Coming out of college Edgerrin James didn’t know which NFL team would draft him.
He didn’t care, either.
“It didn’t matter who drafted me,” James said. “I just want to be on a team.”
The Indianapolis Colts selected James with the fourth pick in the first round of the 1999 draft.
Now, he cares.
James played seven seasons in Indianapolis. He finished as the team’s all-time rusher. He combined with Peyton Manning and Marvin Harrison to form a winning foundation.
He went on to play for two other NFL franchises — Arizona and Seattle — in his 11-year career but James isn’t shy about his loyalty.
“No matter where I go or what I do, I’m always a Colt,” says James, who will be inducted into the team’s Ring of Honor today. James joins owner Robert Irsay, Bill Brooks, Chris Hinton, Jim Harbaugh, Ted Marchibroda, the 12th Man, Tony Dungy and Harrison in the team’s unofficial hall of fame.
James’ journey from Immokalee to Indianapolis is one some football experts didn’t see coming.
Three quarterbacks — Tim Couch, Donovan McNabb, Akili Smith — were taken to start 1999 draft, and Texas standout and Heisman Trophy winner Ricky Williams appeared to be the obvious choice for the Colts. The team needed a running back to replace Hall of Famer Marshall Faulk.
Colts running back coach Gene Huey said he remembers watching film of both Williams and James before the draft and realized James’ talent “fit the system.”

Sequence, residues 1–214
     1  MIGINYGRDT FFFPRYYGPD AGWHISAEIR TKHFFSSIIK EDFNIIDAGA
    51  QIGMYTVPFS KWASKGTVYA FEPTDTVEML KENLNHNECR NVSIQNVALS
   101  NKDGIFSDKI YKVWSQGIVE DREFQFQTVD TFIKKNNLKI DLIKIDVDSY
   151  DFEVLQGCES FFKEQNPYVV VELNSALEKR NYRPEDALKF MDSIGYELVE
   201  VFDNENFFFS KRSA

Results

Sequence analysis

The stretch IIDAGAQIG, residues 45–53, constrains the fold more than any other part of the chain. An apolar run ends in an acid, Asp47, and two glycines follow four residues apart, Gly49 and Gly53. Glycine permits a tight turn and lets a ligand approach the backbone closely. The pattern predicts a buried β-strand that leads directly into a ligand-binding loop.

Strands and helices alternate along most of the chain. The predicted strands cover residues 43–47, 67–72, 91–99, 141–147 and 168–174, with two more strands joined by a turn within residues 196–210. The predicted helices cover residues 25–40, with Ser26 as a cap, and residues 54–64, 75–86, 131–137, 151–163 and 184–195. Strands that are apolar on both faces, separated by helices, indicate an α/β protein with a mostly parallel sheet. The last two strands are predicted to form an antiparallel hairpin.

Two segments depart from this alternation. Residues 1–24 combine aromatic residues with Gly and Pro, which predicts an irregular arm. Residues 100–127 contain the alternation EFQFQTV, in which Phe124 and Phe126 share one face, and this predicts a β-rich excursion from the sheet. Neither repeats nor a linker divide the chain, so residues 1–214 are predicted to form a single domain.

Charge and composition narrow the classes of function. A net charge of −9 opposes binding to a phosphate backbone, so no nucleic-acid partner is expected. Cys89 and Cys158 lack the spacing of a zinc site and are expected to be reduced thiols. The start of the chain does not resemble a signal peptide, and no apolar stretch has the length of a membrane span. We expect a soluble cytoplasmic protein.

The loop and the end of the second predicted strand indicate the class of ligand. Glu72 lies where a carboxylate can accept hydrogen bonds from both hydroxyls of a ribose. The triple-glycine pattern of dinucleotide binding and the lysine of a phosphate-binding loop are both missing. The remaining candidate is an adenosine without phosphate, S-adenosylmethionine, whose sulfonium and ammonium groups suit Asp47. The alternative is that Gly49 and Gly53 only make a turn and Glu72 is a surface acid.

“There was no doubt in my mind he would be a better choice,” Huey said. “Edgerrin was an all-around back, a strong runner with good hands and a solid pass blocker. He had all the tangibles we were seeking.”
Straight from the University of Miami, James made the Colts look like geniuses. He led the NFL in his first season in rushing, tallying 1,553 yards and was named the Offensive Player of the Year. He topped his marks in year two, totaling 1,709 yards, to become the last player to lead the NFL in rushing in his first two seasons.
“I wanted to prove it wasn’t a fluke,” James said about the motivation behind his second season in Indy. “I didn’t want people to say I was a one-year wonder. Proving people wrong always inspires me.”
James became the unheralded versatile back, setting the team record for rushing yardage (9,226) in a career while being the ultimate compliment the Manning-to-Harrison aerial attack. Huey described him as a Jim Brown throwback who used his body and the lost art of the stiff-arm to pick up extra yards and punish defenders. Huey said James didn’t go down easy and proved it in his second season by picking up 500 of the 1,700 yards after contact.
“He was a machine,” Huey said. “He had great strength and grace as a runner and determination to get the most out of every carry. He certainly didn’t go down easy.”
Manning said defenders got tired of trying to tackle him.
“They didn’t understand just how strong and stout he was,” Manning said. “His playing weight was around 215, and linebackers, corners and safeties in the fourth quarter got to saying, ‘Enough’s enough.’ He started turning 6- to 7-yard gains into 20- to 25-yard gains.”
But Manning appreciated James for more than just carrying the ball.
“Edgerrin was one of the best teammates I’ve ever had,” he said. “I always felt real secure with him back there in the backfield behind me or standing next to me in the shotgun. He was an extremely smart player. He was unbelievably well-conditioned. He had incredible strength and balance, along with excellent hands, and he was an outstanding blocker.”
And it’s blocking James is most proud of. He says it’s the skill that doesn’t show up in the stat charts that should get him in the Pro Football Hall of Fame.